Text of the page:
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Subject: Gamblin Conservation Colors

Gamblin Conservation Colors

From: Steven Prins <sprins1102>
Date: Wednesday, September 29, 2004
Ulrik Runeberg <rune-ulrik [at] gmx__de> writes

>My general impression is that certain colours work better than
>others: Burnt Sienna, for instance, represented an inpainting colour
>with similar characteristics to oil colour, and only after being
>diluted several times with pure gum spirits of turpentine, a glossy
>brilliance appeared which made further retouchings impossible due to
>the shininess of the retouching medium. On the other hand I observed
>that such pigments as Venetian Red possess that glossiness right
>from the beginning, before even being diluted. This brilliance even
>could not be reduced after stirring the colour well.

Several additional points regarding Gamblin Conservation Colors:

    1.  These paints are not stabilized and will therefore separate
        in the jar, with a layer of medium rich material on top. The
        colors can be remixed to restore the original pigment/binder
        proportions throughout.  But it is often more satisfactory
        to dig into the paint below to obtain less saturated
        pigment. This will form a less glossy film on the painted
        surface that can be glazed or varnished to effect the proper
        gloss.  In fact, it is my opinion based on the preparation
        of inpainting colors over many years that they should be
        made with a minimum of binder (less than might be used to
        produce artist's paints, for instance) with the intention of
        adding medium as needed during application to effect the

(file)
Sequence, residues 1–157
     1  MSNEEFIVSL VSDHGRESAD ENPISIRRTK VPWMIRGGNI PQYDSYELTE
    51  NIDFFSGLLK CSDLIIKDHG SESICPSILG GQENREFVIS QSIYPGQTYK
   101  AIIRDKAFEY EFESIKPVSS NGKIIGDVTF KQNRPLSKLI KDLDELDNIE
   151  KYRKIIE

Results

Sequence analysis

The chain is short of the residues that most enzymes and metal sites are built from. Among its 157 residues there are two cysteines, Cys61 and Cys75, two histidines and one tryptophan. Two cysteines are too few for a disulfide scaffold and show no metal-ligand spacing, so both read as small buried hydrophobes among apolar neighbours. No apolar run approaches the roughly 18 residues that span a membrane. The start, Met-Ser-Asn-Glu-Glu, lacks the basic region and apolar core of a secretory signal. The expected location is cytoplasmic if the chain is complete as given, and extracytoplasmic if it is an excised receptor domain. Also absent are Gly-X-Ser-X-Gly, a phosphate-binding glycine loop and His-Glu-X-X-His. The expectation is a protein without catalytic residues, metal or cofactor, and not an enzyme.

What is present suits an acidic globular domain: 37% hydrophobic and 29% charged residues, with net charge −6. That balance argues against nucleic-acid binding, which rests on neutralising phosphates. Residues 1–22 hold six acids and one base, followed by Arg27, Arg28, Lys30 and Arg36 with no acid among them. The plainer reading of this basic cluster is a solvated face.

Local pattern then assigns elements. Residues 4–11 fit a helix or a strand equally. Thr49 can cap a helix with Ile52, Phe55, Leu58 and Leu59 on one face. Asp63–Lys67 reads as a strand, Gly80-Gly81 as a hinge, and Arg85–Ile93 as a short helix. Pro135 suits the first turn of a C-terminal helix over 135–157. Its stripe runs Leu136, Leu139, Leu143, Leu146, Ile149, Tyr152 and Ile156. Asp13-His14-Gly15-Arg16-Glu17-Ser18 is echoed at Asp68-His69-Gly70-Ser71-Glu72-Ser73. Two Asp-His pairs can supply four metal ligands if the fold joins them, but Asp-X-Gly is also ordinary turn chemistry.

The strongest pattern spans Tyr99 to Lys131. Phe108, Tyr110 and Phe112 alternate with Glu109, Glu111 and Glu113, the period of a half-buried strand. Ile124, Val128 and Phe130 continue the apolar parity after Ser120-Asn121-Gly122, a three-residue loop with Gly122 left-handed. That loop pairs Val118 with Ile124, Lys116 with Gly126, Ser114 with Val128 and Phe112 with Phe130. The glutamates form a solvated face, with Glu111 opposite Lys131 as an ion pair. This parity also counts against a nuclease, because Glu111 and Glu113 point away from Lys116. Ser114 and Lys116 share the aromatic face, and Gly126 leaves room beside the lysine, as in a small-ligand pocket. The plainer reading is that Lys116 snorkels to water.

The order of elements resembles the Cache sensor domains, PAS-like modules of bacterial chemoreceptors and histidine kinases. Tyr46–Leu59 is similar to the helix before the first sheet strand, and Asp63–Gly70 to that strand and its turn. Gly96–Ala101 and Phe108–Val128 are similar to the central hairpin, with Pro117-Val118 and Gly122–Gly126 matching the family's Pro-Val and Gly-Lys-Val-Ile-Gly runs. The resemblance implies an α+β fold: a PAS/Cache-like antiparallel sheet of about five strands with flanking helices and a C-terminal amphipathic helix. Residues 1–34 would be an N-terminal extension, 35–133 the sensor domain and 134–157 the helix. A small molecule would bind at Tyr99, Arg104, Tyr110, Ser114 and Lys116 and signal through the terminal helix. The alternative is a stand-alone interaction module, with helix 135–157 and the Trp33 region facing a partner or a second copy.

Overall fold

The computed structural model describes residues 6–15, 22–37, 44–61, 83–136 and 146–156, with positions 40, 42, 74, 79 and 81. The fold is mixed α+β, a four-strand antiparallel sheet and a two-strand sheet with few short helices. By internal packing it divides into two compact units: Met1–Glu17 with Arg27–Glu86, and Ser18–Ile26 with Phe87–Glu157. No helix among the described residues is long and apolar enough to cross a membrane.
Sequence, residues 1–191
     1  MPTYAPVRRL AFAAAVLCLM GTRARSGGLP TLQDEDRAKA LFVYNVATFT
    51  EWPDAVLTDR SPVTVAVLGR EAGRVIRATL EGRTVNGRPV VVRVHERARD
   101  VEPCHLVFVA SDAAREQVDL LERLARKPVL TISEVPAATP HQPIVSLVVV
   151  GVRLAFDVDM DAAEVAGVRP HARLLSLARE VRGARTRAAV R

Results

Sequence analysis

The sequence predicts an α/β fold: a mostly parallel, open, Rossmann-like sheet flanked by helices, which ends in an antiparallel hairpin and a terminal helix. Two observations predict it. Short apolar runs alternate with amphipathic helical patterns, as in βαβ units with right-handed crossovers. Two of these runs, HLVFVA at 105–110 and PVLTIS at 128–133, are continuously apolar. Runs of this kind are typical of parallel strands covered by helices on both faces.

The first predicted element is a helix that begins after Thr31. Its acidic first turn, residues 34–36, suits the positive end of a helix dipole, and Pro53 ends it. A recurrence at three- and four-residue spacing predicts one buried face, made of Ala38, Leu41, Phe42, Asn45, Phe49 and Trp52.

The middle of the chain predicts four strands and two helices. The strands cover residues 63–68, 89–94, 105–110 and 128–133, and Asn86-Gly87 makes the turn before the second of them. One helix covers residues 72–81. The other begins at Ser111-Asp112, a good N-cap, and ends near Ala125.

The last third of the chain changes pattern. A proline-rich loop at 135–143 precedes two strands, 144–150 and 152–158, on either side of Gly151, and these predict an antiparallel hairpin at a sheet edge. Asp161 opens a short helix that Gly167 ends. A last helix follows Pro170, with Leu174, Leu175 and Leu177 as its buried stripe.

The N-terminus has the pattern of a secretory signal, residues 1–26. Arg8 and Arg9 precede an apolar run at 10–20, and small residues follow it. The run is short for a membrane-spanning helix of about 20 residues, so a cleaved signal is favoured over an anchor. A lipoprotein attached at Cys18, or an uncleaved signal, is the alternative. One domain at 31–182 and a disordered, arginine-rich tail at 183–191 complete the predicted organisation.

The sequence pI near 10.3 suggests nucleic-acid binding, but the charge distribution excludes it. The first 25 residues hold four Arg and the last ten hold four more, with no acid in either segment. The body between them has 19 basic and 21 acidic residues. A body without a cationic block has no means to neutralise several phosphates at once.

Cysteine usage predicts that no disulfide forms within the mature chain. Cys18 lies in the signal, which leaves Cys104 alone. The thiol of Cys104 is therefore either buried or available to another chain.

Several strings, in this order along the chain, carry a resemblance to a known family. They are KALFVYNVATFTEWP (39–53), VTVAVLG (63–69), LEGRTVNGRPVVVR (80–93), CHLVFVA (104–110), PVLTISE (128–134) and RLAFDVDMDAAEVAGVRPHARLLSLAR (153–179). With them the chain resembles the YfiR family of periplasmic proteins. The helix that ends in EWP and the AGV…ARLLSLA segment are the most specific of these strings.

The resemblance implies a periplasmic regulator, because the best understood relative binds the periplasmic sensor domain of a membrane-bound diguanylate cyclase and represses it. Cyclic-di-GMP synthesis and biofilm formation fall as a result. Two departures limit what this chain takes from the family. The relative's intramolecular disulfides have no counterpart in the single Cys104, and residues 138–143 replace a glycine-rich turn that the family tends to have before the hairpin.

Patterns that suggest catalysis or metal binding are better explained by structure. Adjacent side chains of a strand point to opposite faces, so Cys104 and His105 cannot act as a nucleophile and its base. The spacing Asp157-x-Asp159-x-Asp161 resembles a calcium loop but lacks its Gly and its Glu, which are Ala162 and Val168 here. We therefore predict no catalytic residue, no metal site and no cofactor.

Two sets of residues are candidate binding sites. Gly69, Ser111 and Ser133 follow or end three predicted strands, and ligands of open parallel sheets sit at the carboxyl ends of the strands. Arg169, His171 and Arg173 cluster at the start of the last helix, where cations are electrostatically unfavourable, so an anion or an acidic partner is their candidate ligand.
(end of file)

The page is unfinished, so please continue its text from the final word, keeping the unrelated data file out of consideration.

desired gloss.

    2.  The use of turpentine is contraindicated if you want to
        reduce gloss. Turpentine's oiliness and slow evaporation
        promote flow and leveling during drying, resulting in
        maximum gloss.  A fast evaporating solvent like isopropanol
        will yield a matter surface with the same paint.  On the
        other hand, as with watercolors, the more polar the solvent
        you use, the greater the color change you will observe upon
        the drying of the paint.

    3.  The use of turpentine would seem to be contraindicated with
        Gamblin Conservation Colors as impurities and/or undesirable
        compounds that come over with the distillation may reduce
        the stability of the resin binder.  Unlike good petroleum
        distillates, turpentine, even highly rectified (i.e. Winsor
        and Newton), is not entirely volatile.  The materials left
        behind are known to contribute to the accelerated
        deterioration, especially discoloration, of other resins. It
        does not make sense to introduce these materials into an
        otherwise (relatively) stable material.

                  Conservation DistList Instance 18:17
                 Distributed: Thursday, October 7, 2004
                       Message Id: cdl-18-17-007
Received on Wednesday, 29 September, 2004

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